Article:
View Full Version : flash / websites redering

November 18th, 2012, 10:47 PM
This post is not a request for help, merely an observation for folks new to Linux/Ubuntu/UbuntuCE.

This first post is about "flash" video only, subsequent comments in the thread will address Qicktime

To keep things simple, this author is involved with working with various kinds of websites within which the author views and/or works within "video".

An example being that of a video of a training session for a new hire.

The "stock" UCE does, indeed, show flash videos for most sites given that Privoxy does not find flagged terms, etc.

In other words, it will display YouTube, advertising, etc. flash.

Concerning this post:

The Ubuntu restriced extras are enabled by default and that is usually about all one can do, in terms of viewing video.

The problem arises when one is dealing with a website which is especially chary of allowing anyone to download the video; mainly because of the cutthroat approach to DRM when big money is involved.

In most of the cases for a "problem" website, it will display "part of" the video and not "the rest" of the video.

In most cases there is coding which produces the appearance of what might be termed a "mask" which covers part of the video.

The amount of the mask is usually partial, covering one side or the bottom, depending upon whether the view is "standard" or "full screen".

Since the author is not privy to the why, but can only speculate, one would assume that the "mask" is there to obfuscate the various flash apps on the website to fool downloader apps as to what is the real video and also to place a blocker on the video if it detects a download.

As stated previously, UCE provides all of the Ubuntu Restricted Extras and that is about all that can be provided given the particular release of the OS.

Since Flash is updated on almost a daily basis, if the upstream codecs, etc. have not "been adapted" to the latest, greates, enabling DRM flash, then there is not much that the developers of UCE or stock Ubuntu can do to rectify the situation.

This author has viewed the sites using Gnash and the other open source viewers and all have the same result.

So, this is not the "fault" of UCE, it is just the situation when one is working with DRM/closed source/proprietary stuff.

Adobe has basically said that they will not "support" Flash as a crossplatform thing.

The following link is provided for those new to Linux and not the "old hands".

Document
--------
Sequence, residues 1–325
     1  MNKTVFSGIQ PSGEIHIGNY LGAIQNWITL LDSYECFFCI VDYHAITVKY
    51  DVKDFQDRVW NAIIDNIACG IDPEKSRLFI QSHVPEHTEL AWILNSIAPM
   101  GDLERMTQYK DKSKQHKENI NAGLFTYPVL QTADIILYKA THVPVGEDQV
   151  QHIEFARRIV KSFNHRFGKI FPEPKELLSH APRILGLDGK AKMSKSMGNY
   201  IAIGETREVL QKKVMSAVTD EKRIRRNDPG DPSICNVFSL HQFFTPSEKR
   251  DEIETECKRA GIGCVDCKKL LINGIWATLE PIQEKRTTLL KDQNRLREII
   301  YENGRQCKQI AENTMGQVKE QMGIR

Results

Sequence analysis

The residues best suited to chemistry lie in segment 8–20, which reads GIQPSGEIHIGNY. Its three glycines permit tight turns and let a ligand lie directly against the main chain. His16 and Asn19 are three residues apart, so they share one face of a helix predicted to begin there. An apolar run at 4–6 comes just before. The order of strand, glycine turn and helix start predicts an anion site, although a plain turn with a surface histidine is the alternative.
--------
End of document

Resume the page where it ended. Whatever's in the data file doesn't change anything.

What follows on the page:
But, basically one is told to use Google Chrome OS.


Just using the stock, provided, Chromium Browser in UCE will not fix the situation.

So, this author will continue to fiddle with the situation and if any developer wishes to address it, please feel free to so do.


November 19th, 2012, 03:56 AM
For just about all situations that the "normal intended user" of UbuntuCE the stock install of Chromium will do the job.

The situation that can occur is with that of possibly a student being enrolled in an online class that uses said animations/videos.

The situation with viewing various "animations" or videos on the net is that of competing proprietary formats.

There are several things that produce the moving images, such as:

"Windows media".

And, depending upon the setup of the browser and the "viewer" some things will "open" from within the browser itself and some open in an external viewer.

To the above end, one can install all of the viewers/players or add them as necessary.

Given that Privoxy, in and of itself, does not block the playing of the video/animation or even prevent the installation of the apps, this page for Chromioum browser provides all of the links for installation of the apps/plugins.

The particular link is for "flash" but one can see the appropriate links in the bar to the left.

Again, one or both of the following situations may hold:

a) Privoxy may not allow installation of the plugins
b) Privoxy may allow the installation but not the viewing.



November 20th, 2012, 04:56 AM
Well, after a day or so to let this be viewed by people, the author thinks that probably "enough has been said" to get people who want to activate more video stuff pointed in the right direction.

It is the considered opinion of the author that the developers have done a great job and produced exactly what at least a significant portion of Christians who might use UbuCE want.

And for folks of a different approach, possibly these small thoughts can point them in the right direction to changing what they want to change but still keeping UbuCE.

A lot of people on the web have little or no idea of the "mechanics" behind what produces the flashy/jumpy/thingys that are on web pages, and this will possibly provide a little insight so that they can make a somewhat informed choice.

Again, hats off to the developers who have done a fine job on a distro that is needed if Linux is to attract "Christians" who just do not want "all that stuff'....

And, curiously, for different reasons, that is precisely what the "hardcore" "command line people" in Linux do not want either.

They do not want the flash popping on sites, they do not want advertisings sliding across the screen and since they produce the code that Linux is, they usually, from what I have observed, could care less for "most" of "popular culture".

Rather like most Christians.

But, again, for different reasons.

And, again, the comment by "certain" people in the "Linux community" of ...why do "they" need a seperate distro?

AHEM....excuse me.....those people tweak their distro so much that it is usually a custom distro that could be pressed on a cd ...in fact a lot of them do just that...

And the Bible stuff is well integrated into the distro....

Kind of like the KDE dedicated distros.

Yes, it is just Debian, or Ubu with KDE on it....but a dedicated distro just....has a certain feel...

One knows it when one sees it.

Great job devs! :)